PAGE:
Peroxomonosulfate (heretofore written as PMS) in aqueous solution to be HSO5- is an active ingredient of oxone. Oxone is a commercial name of this triple salt of potassium (2KHSO5·KHSO4·K2SO4). Oxone is a versatile and environmentally benign oxidant with wide applications such as bleaching, cleaning and disinfection agent.1 It has also been employed as an oxidant to degrade the pollutants. Co2+ is the most efficient catalyst of peroxomonosulfate to generate sulfate free radicals.2 The catalytic decomposition of PMS in the presence of transition metal ions such as Mn2+, Cu2+, Fe3+ Co2+ and biomimetic catalyst like ironporphyrin complex are also reported.3,4
Peroxomonosulfuric acid - a derivative of hydrogen peroxide when one of the hydrogens of the latter is replaced by sulfuric acid group.5-7 Thus it is this weak peroxide linkage (-O-O-) that undergoes cleavage during electron transfer reactions.8-15 However, such peroxocompounds are exceptionally sensitive to the traces of metal-ions as has been observed in trace metal-ion catalysis in large number of reactions of peroxo acids.16
The structure of peroxomonosulfate is consistent with one proton being ionised and other proton undergoes hydrolysis. Edwards et al.17,18 studied decomposition of peroxomonosulfate over a limited pH range. Robson et al.19 reported similar kinetics of uncatalysed decomposition of peroxoaromatic compounds as well as peroxomonosulfate and suggested nucleophilic attack of SO5-2 on the sulphur atom of HSO5-. Peroxomonosulfuric acid20-22 as nucleophile in oxidation of various organic compounds has also been reported.
These were the studies that stimulated our interest to explore kinetics of oxidation of nicotinic acid by PMS to understand its reducing properties which are hitter to least known. It is expected that its reactivity pattern in aqueous acid medium can provide additional information about the chemistry of this organic acid in particular and peroxomonosulfate in general.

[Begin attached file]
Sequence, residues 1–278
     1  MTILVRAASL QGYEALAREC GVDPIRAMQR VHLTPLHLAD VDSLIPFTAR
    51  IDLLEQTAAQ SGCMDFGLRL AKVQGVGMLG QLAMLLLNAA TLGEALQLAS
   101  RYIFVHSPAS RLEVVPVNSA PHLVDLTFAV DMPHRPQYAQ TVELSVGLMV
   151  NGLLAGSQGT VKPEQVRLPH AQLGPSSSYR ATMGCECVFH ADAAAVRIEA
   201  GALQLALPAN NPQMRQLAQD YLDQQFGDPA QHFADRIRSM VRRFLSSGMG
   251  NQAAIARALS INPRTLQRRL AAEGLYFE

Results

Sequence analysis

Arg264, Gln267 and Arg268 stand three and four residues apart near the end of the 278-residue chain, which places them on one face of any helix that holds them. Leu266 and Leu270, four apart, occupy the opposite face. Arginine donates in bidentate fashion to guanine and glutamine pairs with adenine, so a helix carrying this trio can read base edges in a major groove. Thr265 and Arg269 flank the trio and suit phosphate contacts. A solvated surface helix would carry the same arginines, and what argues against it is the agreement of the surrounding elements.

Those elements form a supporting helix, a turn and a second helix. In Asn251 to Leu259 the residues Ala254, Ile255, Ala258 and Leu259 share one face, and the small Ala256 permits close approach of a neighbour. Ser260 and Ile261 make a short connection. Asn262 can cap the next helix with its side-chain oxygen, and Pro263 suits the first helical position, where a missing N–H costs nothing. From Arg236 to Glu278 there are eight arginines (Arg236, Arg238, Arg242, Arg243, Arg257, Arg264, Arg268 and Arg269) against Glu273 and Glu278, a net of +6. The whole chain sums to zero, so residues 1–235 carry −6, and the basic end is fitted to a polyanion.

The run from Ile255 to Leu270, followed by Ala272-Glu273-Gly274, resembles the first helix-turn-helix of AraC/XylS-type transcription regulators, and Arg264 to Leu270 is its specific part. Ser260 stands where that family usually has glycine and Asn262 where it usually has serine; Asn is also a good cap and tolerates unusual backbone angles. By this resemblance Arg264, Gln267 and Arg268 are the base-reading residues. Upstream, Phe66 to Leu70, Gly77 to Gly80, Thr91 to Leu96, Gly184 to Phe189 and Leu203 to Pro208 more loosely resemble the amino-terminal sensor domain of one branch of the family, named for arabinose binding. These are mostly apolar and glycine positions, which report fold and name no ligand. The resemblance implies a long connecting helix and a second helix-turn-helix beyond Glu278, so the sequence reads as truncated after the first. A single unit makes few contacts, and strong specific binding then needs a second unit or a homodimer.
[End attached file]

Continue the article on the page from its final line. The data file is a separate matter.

Materials and Methods
Peroxomonosulfate (Aldrich) was employed as received. The solution of peroxomonosulfate was prepared by dissolving its potassium salt (K2SO5·KHSO4·K2SO4) in doubly distilled water. The solution of PMS was standardized both iodometrically and ceremetrically respectively and an impurity owing to KHSO4 or K2SO4 or both did not exceed more than 4%. However, the kinetic results were not affected by such an impurity. Efforts were also made to purify the salt but were not successful. Other reagents were either of AnalaR or guaranteed reagent grade and were employed as received. Doubly distilled water was employed throughout the study; second distillation was from alkaline permanganate solution in an all glass apparatus. Nevertheless, a few reactions were also carried out in tripply distilled water (redistilling of double distilled water in the presence of edta) to check trace metal-ion catalysis. Since trace metal-ion catalysis is reported in reactions of per-acid. However, catalysis of this type was not observed in this reaction under experimental conditions of the kinetics.